Many years ago, I was recruited to work in second grade Sunday School. I had little experience with children, but I was “volunteered” anyway. One morning, the little darlings were a wee bit rowdy. I watched in awe as my friend Donna calmed their restlessness with one word. Just one! “Enough.” My entire paragraph of words had failed to make a dint in their noise. How did she do it? With just one word?
A few months after my daughter was born, my first child, I discovered Donna’s secret. The Mommy Voice. It just sorta sprung up from my gut and poured from my mouth and I realized I had it—the tone that meant, “I’m an adult person with authority. You’d better listen to me you little urchin!” In time it became apparent my child responded to my Mommy voice quicker than other children, yet sometimes I could fake the little buggers out and corral them with my surrogate Mommy tone. Occasionally, there was the wily child that realized I wasn’t really their Mommy and she/he could ignore me at will.
Voice is important. It sets the tone, gives the speech, written or verbal, the feel of authority. Lends credibility to the communication. Expresses just a little more to the recipient than the message. That’s why, as a writer, it’s wise to develop a distinctive voice. The one your readers will respond to the minute they recognize it.
Voice is a difficult thing to define. When I first read this term, I was clueless. “What the heck are all the experts(?) talking about?” How do you relate something generally considered audible in a visual format? It ain’t easy folks. After years of writing, I believe I’ve finally developed a tone and style of writing that is distinctively mine. Considering all the words in the English language and all the possible combinations that could possibly form sentences, it’s how I combine those words and phrases and how I arrange them into paragraphs and chapters and stories that makes my writing unique to any other writer’s efforts. It’s my unique syntax.
When I read some of my earlier writing, I cringe. If I managed any kind of style or tone at all, I was usually copying my current favorite writer. Yikes! I don’t want to be someone else. I want to be me! Most of the time, my paragraphs were just collections of sentences strung together with very little… Argh, how do I define this? The syntax was just…bland, boring, uninteresting. I would have put my book down and forgot about it!
Okay, I’ll give you an example, just because I want to! The same paragraph, before and after. (Consider this a free snippet of my current WIP!)
BEFORE (please forget this as soon as you read it! pretty, please!): Cole looked around them. “Oh, it was just the attic door.” It was already hot in the attic, despite the mild outdoor temperatures; so they had left the door open. He went over to the door to reopen it. He grasped the knob, but the door wouldn’t open. He pulled harder, struggling with the door for another minute or two. “It’s stuck,” he said, trying to control the panic in his voice.
ANOTHER ATTTEMPT (one of many!): Cole looked around, searching for the source. “Oh, it was just the door.” Despite the mild outdoor temperatures, it was already hot in the attic, so they had left the door open. Cole grasped the doorknob, but the door refused to budge. “It’s stuck.” He pulled harder, struggling for a minute or two. “I can’t believe this.”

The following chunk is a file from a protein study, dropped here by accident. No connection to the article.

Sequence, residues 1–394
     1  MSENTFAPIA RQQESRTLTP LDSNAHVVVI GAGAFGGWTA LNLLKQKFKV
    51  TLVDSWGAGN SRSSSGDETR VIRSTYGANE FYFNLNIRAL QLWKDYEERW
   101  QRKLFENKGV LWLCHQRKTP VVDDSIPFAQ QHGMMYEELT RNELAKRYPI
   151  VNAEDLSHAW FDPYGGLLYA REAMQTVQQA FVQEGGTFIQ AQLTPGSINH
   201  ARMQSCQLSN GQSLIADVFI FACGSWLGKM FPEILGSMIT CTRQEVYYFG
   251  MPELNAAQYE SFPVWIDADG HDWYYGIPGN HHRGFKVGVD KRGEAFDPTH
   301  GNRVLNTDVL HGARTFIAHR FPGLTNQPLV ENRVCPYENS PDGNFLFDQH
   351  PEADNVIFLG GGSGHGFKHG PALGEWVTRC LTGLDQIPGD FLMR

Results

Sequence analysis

AFTER (hopefully the final draft): A loud bang startled Cole. He tossed the drop cloth he was holding onto the floor and turned around, searching for the source of the disturbance. Despite the mild outdoor temperature, it was already hot, so he had left the door open. How had it slammed shut? He eased his way through the stuffy, overcrowded attic, avoiding packing crates and heavy antiques, portraits of dead ancestors and large brass spittoons. When he grasped the doorknob, it refused to budge. “It’s stuck.” He pulled harder and then thumped the door in frustration.
See…ahem, read…the progression? I hope so. What makes the last version clearly my own? I don’t know. Ask writers to create something from the same prompt and you’ll get as many versions as you do writers. No one else would write this scene exactly as I did. I can’t tell you what distinguishes the last effort as uniquely mine. But it is. I’d know it anywhere.
So here’s the big question that mystifies beginning writers… How do I develop my voice so it’s mine alone? Simple answer? (Don’t you hate simple answers!) Just keep writing. Scribble something as often and as long as you can. Every day. You may not like what you write some days, but at least you’re moving toward your goal. The more you write (and the more you have the privilege of excellent reviewers/editors critiquing your work), the sooner your own distinctive style will emerge.
And finally one more piece of advice. (And an anecdote…)
Right before I met the man that would one day be my husband, I was crushing bad on a very handsome man. To my surprise, this hunk of handsomeness asked me out. I bet you can guess the next line. No, he never asked me out again. It took all the courage I could manage to hint I wanted another date. As men will do, he went around the world six times to tell me he just wasn’t interested, and he had the audacity to give me some advice on how to make my personality more pleasing! “Just be yourself.” Humph. I thought I was. And he was a jerk. But that’s beside the point. He was right. In all you do, just be yourself. Let your unique personality glow through your writing and your voice will one day spring from your gut and pour from your mouth…uh, fingers…just like my Mommy voice did so many, many years ago.